It’s been a bumper Proms season for German orchestras, and the last couple of weeks of the festival have been almost monopolised by them: first the Leipzig Gewandhaus, then the Berliner Philharmoniker and now, before a visit from the Dresden Staatskapelle, one of the German capital’s other great institutions, the Berlin Staatskapelle. Daniel Barenboim has been this orchestra’s music director for nearly a quarter of a century, and in that time he has returned an ensemble that for many decades was barely known in international terms outside the pit of its ‘day’ job at the Berlin Staatsoper to a status of pre-eminence on the concert stage. By a stroke of clever planning, or more likely serendipity, given the way touring orchestras offer their programmes to presenters, both Staatskapelles have brought pairings of Mozart piano concertos with Bruckner symphonies to the Proms, the Berlin in both of its programmes, the Dresden in the first of its two. This opening concert in this mini-Mozart/Bruckner-fest paired Mozart’s C minor Concerto K491 with Bruckner’s “Romantic” Fourth Symphony.

Daniel Barenboim and the Berlin Staatskapelle © BBC | Chris Christodoulou
Daniel Barenboim and the Berlin Staatskapelle
© BBC | Chris Christodoulou

Barenboim himself was soloist in the Mozart. In a kind of analogy to the overall feeling of the performance, he embedded the piano physically within the orchestra, piano lid removed and with his back to the bulk of the audience. His low-key playing, lyrical rather than indulging in flashy brilliance, even in the finale, intertwined with the orchestral playing more in the manner of a piece of chamber music than the traditional image of a concerto as a work of conflict. The whole performance, then, felt understated, and one remembers it more for the many beautifully refined wind solos and duets perhaps than Barenboim’s own contribution, which was nonetheless marked by delicacy, songfulness and dreamy languor. The scale of the performance, using a medium-sized string body of over 30 players, worked well in the Royal Albert Hall’s spaciousness.

As did, of course, the much larger forces at play in the Bruckner. Yet even here there was no sense of bloatedness. The body of strings, with the violins splaying up the tiers and double basses lined up above everyone else, was admittedly large, but the score calls for only eight woodwind, four horns and standard brass, and an extra ‘bump’ trumpet was the only extravagance here. Barenboim seemed more energised ‘playing’ the orchestra in Bruckner than he had the piano in the Mozart. And it did feel like a single instrument, responding to some finely tuned instructions, with phrasing and dynamics felt right through the vertical spread of the sound. Take the opening of the finale, for instance, where the ominous, steady plod of the basses and ostinato in the violins followed the changing tensions of the main horn theme above rather than carrying on regardless.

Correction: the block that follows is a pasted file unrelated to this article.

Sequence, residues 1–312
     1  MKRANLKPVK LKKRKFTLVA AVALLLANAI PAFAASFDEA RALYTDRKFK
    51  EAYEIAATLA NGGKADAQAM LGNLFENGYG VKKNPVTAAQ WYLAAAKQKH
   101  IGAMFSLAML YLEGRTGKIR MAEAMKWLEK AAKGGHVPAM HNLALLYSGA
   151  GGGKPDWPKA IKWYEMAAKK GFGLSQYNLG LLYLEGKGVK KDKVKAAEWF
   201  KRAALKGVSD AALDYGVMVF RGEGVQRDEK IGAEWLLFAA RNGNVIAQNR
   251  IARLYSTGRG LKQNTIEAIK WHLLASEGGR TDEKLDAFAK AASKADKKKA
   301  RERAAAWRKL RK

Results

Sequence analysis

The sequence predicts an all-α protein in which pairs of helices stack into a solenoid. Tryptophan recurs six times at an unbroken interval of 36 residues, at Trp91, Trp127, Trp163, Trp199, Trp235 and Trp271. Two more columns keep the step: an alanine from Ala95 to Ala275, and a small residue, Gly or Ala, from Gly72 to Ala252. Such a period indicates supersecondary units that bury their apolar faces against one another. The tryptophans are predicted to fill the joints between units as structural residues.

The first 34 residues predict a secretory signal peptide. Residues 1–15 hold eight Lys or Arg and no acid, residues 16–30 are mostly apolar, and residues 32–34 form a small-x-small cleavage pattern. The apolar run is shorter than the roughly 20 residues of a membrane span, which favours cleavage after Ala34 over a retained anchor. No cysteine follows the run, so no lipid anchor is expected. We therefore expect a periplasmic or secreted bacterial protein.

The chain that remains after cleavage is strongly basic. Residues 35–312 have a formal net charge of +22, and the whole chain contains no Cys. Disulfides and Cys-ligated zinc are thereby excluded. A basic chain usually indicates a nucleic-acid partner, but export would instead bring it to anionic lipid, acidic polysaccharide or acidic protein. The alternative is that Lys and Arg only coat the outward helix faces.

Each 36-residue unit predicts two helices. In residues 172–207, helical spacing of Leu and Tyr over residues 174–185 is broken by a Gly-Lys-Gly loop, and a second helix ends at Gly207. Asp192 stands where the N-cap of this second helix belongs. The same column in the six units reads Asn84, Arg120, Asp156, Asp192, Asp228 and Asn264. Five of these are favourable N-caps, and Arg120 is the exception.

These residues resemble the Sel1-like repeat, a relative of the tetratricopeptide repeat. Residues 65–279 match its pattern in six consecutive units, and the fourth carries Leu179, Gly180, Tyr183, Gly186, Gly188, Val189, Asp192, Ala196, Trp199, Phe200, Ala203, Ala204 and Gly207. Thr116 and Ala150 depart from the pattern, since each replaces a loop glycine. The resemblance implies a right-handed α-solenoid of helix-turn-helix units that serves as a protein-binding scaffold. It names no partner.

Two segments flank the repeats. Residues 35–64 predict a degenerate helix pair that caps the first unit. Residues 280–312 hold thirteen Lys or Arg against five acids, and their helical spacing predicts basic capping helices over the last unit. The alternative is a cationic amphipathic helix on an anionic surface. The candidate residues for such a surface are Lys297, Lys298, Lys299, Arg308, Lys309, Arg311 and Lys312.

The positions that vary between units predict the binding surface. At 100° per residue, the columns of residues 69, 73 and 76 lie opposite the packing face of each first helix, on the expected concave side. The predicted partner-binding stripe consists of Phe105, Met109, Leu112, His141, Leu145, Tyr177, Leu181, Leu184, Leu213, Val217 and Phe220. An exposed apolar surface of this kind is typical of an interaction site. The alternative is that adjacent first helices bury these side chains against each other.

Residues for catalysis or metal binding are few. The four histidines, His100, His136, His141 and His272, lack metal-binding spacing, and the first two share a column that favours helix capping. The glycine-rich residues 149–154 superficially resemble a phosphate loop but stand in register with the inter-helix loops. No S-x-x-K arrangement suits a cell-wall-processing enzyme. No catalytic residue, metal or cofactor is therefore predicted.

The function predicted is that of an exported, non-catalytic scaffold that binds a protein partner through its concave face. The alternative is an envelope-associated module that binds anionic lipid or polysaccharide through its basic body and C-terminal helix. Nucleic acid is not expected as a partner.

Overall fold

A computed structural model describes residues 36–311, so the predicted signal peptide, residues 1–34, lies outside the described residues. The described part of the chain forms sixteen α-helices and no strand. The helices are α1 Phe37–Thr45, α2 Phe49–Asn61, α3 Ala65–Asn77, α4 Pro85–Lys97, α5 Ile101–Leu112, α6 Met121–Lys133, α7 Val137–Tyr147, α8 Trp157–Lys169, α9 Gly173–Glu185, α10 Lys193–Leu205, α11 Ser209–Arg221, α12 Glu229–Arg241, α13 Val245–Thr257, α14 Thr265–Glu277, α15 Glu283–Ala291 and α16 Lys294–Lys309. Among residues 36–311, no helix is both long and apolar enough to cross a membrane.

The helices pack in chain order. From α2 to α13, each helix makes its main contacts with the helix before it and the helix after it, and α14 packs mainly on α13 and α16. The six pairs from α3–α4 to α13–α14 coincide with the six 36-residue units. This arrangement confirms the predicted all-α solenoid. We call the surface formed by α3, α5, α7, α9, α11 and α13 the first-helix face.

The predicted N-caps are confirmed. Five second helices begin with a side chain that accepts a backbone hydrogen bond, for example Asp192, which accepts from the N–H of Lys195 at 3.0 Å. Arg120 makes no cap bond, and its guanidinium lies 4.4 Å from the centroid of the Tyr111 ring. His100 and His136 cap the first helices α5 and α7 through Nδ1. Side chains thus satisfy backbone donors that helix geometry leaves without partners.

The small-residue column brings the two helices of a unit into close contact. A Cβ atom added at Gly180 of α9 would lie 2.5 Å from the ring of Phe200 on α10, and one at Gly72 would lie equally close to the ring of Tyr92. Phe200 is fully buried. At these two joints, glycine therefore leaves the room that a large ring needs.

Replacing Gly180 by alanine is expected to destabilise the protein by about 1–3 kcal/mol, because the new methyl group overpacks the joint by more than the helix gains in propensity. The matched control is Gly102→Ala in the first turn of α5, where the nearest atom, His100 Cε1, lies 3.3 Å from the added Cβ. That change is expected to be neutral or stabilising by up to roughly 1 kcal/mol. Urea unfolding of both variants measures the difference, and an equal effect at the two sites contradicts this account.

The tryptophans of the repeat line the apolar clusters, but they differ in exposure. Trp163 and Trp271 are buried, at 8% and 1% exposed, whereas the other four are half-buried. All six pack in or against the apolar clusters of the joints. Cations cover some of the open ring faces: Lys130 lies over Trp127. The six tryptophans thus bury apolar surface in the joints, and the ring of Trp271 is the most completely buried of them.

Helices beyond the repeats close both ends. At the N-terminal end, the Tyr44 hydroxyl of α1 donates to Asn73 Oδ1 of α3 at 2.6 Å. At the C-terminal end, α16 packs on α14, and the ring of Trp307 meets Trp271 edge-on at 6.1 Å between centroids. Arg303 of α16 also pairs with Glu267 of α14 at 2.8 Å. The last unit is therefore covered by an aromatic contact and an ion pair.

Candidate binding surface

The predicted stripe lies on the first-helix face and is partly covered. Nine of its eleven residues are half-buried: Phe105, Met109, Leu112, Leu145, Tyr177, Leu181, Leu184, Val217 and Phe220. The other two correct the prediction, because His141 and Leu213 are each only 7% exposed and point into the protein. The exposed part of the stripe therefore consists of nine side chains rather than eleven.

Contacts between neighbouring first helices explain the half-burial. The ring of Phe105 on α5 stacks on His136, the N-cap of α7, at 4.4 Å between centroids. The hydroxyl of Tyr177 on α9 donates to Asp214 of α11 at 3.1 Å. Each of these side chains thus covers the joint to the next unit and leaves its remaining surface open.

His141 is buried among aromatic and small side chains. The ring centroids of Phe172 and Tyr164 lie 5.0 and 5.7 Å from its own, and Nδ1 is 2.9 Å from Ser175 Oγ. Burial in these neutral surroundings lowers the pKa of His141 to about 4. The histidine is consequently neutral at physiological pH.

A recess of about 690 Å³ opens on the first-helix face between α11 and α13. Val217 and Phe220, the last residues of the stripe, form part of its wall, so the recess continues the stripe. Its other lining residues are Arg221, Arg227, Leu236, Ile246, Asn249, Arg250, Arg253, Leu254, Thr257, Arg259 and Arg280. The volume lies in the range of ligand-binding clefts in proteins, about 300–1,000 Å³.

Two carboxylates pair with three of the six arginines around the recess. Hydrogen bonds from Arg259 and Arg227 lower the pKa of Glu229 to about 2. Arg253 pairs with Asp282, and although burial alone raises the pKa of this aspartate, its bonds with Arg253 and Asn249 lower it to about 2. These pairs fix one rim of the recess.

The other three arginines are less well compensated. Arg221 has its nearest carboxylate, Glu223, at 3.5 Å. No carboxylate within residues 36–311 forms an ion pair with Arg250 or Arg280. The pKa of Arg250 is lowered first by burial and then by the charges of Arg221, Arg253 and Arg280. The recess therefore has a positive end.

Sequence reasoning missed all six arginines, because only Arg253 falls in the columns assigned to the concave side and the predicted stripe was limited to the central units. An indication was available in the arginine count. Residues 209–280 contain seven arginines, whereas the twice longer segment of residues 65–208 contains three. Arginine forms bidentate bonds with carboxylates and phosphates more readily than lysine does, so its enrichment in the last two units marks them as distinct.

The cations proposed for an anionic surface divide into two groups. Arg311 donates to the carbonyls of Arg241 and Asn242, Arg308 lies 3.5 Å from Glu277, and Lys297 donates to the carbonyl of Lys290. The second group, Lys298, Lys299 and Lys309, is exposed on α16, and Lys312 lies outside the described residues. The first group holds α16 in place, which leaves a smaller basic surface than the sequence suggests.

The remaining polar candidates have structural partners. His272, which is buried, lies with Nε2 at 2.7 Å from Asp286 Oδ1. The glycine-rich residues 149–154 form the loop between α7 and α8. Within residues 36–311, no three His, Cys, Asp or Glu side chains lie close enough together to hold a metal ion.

Daniel Barenboim conducts the Berlin Staatskapelle © BBC | Chris Christodoulou
Daniel Barenboim conducts the Berlin Staatskapelle
© BBC | Chris Christodoulou

Liberties were taken with dynamics, even scoring, but all with the effect of enlivening the music, making even some of Bruckner’s cruder moments and meanderings seem necessary parts of the whole. There were some remarkable pianissimos, no more so than at the opening of the Andante, which sounded overall less like a funeral dirge than a tentative trudge through a mysterious landscape of the imagination. And the pulse maintained here seemed to provide the undercurrent for the rest of the symphony, from the rhythmic kick of the galloping hunting horns in the Scherzo to the relentless sense of motion in the finale, where the prominent accents given to the tremolo strings in the concluding build-up brought added tension. It was details such as this, together with some blazing but well-balanced tuttis, exquisite individual playing – especially from the valiant guest principal horn, Radek Baborák – and Barenboim’s conveying of the bigger picture through broad phraseology that made this one of the most memorable and emotionally engaged Bruckner interpretations in my experience.